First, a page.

Theme: Guarding Sound Doctrine
In this week’s lessons, we are reminded of the importance of sound doctrine if the church is to function properly and be protected from false teaching.
Scripture: 1 Timothy 1:1-11
Let me give another example of how some form of Gnostic thinking still plagues the church today. Recently, there was a man who denied the deity of Christ in one of the presbyteries of the United Presbyterian Church. The issue made its way through the church courts, and it was then turned back to the presbytery to do a re-exanimation. At this re-examination, his views had not changed, and yet he was approved for the ministry with an even higher percentage than he received the first time.
The candidate had been examined for three hours, and before this he had read a brief paper providing his own understanding of theology. It was picked up by a national newspaper, and I am quoting directly a sentence from one of the candidate’s statements: “For me, the God worth knowing is found more in the integrity of love than the purity of dogma, more in the quest of liberation than in the pursuit of orthodoxy, more in the process of becoming than in the satisfaction of having arrived.” This sounds very close to Niebuhr’s understanding of Jesus Christ as symbol, and there are two things to see from this statement.
First, he begins by saying, “For me…” That is a relativistic view of truth, whereby someone says that this is the way he thinks, but it does not have to be the way someone else thinks. But when one is making statements about Christian doctrine, one’s views need to be based on what the Bible teaches, and not on one’s own personal opinion.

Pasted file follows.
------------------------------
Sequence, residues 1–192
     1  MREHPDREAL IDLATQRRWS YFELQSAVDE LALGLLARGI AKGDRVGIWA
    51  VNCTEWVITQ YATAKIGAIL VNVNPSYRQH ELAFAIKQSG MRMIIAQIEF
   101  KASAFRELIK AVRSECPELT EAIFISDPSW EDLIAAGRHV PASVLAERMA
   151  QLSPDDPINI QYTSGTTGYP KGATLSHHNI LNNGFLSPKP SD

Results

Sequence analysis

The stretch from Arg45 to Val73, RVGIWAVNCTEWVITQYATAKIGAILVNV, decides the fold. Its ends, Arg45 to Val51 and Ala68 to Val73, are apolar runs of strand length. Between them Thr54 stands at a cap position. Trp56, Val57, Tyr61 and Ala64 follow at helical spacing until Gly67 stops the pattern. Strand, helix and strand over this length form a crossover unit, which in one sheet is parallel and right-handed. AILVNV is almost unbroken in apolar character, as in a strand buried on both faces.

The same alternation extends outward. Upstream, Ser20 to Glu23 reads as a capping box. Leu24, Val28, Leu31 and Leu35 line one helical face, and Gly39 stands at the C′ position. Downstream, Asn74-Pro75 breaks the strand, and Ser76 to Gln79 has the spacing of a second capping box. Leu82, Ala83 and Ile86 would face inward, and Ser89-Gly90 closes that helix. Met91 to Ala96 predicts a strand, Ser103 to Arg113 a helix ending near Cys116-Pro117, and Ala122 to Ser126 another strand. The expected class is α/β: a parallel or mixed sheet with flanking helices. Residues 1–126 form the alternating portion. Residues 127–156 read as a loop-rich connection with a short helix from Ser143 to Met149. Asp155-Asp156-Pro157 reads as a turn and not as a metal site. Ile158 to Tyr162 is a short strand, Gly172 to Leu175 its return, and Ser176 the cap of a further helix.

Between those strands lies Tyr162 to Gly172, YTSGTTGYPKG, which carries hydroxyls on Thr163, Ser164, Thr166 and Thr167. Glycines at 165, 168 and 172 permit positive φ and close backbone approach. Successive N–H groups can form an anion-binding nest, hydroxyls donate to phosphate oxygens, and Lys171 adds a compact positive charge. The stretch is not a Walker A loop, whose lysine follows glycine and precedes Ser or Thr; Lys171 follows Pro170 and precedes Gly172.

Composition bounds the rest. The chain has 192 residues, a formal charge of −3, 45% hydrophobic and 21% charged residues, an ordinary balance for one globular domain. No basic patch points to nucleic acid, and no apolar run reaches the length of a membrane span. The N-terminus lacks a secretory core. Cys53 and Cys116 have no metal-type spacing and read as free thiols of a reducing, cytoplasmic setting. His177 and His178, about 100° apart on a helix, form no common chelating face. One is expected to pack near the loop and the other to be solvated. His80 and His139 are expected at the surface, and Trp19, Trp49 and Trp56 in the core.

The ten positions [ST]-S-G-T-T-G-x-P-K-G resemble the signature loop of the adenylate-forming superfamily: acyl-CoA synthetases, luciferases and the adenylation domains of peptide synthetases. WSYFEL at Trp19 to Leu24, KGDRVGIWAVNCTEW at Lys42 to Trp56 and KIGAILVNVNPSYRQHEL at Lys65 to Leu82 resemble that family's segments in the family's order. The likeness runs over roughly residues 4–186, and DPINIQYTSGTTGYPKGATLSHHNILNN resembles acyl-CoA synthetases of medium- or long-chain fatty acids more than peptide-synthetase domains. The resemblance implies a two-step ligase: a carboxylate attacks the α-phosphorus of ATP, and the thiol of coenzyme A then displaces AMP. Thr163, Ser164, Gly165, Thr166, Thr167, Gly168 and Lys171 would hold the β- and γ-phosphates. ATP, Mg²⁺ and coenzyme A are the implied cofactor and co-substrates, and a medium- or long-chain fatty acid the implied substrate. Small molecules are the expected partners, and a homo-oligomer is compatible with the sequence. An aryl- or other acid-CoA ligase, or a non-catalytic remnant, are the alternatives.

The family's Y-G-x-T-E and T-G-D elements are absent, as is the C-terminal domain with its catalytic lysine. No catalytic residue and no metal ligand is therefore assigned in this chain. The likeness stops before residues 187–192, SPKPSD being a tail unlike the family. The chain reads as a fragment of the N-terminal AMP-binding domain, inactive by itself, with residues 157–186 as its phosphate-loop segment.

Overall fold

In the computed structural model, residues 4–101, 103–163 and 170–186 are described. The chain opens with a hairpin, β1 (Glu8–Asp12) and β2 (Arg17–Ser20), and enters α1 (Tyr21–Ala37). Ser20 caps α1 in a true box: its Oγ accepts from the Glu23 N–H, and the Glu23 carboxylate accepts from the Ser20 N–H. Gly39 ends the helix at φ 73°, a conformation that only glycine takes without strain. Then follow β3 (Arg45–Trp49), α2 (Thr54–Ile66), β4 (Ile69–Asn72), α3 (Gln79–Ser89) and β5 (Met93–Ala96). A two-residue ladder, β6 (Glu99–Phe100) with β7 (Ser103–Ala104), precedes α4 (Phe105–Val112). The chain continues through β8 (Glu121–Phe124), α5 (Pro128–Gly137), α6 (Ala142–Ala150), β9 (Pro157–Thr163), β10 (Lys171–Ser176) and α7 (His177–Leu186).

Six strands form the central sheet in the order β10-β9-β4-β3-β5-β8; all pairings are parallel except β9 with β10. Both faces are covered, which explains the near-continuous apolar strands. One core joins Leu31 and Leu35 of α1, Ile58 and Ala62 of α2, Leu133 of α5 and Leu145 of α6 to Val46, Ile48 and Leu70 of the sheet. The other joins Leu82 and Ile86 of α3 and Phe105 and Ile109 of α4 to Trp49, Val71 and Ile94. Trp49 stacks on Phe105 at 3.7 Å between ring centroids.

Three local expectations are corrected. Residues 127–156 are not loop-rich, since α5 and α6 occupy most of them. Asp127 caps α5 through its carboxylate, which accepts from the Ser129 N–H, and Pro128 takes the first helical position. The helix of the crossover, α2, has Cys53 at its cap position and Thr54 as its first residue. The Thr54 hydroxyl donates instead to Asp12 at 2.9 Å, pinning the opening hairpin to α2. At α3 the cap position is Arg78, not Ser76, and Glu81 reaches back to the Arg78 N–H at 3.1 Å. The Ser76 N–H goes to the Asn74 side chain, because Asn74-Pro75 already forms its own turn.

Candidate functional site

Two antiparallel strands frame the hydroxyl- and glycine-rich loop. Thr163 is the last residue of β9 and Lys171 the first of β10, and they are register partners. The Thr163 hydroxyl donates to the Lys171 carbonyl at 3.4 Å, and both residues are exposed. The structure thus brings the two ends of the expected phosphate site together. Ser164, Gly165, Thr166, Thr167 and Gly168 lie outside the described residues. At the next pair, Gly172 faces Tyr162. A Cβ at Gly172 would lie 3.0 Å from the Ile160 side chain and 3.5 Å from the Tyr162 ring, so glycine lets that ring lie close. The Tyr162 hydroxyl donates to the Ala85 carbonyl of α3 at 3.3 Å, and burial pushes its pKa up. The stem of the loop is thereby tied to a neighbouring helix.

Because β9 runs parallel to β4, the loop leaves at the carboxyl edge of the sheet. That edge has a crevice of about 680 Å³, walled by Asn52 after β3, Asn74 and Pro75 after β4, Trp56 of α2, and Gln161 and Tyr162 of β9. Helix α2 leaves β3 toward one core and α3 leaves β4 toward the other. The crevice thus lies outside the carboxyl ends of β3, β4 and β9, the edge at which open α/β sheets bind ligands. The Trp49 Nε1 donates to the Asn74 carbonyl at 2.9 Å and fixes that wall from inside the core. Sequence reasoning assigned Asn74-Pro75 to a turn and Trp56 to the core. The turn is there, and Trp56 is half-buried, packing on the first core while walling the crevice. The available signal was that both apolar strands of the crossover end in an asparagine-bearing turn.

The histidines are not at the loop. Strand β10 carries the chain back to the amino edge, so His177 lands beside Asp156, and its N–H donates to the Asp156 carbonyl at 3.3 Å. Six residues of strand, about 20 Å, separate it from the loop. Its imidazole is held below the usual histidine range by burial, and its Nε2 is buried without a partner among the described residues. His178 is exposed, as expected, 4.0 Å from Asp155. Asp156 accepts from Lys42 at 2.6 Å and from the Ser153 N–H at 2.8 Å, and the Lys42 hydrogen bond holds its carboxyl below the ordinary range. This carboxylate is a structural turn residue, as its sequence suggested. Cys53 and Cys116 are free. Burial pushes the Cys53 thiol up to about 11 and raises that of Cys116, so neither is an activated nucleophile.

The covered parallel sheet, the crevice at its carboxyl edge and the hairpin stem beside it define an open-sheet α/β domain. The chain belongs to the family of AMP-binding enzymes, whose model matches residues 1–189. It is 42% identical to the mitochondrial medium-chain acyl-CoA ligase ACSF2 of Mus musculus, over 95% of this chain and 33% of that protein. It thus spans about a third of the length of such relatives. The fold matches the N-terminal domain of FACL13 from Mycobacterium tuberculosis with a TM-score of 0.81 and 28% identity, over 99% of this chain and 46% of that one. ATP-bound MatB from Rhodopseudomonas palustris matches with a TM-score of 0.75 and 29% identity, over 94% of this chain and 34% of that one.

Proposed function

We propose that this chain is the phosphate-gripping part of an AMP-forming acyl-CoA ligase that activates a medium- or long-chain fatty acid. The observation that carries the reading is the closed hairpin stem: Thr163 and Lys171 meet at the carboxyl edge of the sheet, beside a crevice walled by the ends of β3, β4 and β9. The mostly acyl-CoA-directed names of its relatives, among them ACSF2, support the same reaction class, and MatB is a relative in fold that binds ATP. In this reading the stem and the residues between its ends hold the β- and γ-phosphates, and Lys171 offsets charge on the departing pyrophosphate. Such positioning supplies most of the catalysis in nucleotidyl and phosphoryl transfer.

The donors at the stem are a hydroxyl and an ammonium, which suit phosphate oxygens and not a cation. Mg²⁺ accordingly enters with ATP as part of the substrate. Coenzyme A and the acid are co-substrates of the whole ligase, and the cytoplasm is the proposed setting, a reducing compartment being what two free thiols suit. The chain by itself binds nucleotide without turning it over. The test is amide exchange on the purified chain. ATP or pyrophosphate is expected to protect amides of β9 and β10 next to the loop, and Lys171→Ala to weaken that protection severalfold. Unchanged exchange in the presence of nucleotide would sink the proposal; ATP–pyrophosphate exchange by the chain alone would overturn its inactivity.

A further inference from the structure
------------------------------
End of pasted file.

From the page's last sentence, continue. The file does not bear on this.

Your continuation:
Second is his definition of what the God “worth knowing” is like. There is secular humanism in its baldest form. Can you imagine a human being, a mere mortal, made by God, standing on God’s earth, breathing God’s air, living the life God gives him, looking up to heaven and saying that a God worth knowing has to be how a mere man describes him? This is one form of very unsound doctrine, and seems to be a kind of modern Gnosticism that wants to define God and salvation in terms that are man-centered, apart from what God has truly revealed about himself and his operations among mankind.
Having mentioned the controversies, Paul wants Timothy to counter them and to stand for the truth of God once revealed to the saints, and make sure that the churches stand for that as well. That is what Paul means when he talks about sound doctrine. The book itself explains what some of those elements are and we’re going to see them more fully as we go on. First, there’s the law, which God has given and from which comes an awareness of sin. The law is put before the unrighteous to show them that they are bad and must turn from trying to achieve their own righteousness, which will condemn them in the sight of God. Instead, they are to turn to Jesus Christ, in whom alone that righteousness may be found.
Second, he talks about Jesus. In the third chapter, Paul has a little section that is printed in verse and probably was something like a saying, or perhaps even a hymn that was sung in the early church. Jesus appeared in a body, was vindicated by the Spirit, was seen of angels, preached among the nations, believed on in the world, and taken up into glory. It is something of a little creed, a little synopsis of teaching regarding the Lord Jesus Christ. Not only in this passage, but throughout these letters to Timothy, the apostle Paul holds up Jesus, from beginning to end, as the one who is the basis of the Christian’s hope. He talks about Jesus’ incarnation in view of the Gnostic heresy, but he also speaks about the fact that he died for men as well (1 Tim. 1:15; 2:5).
Study Questions:

Review the two items from the theological statement of the ministerial candidate. How do they diverge from the Bible’s teaching?
What two points does Paul emphasize to Timothy for him to challenge those who are not teaching sound doctrine?

Application: How well do you know Christian doctrine? Are there any areas where you feel less knowledgeable? What books will you seek to read in order to grow in your knowledge of these truths?

Study Questions
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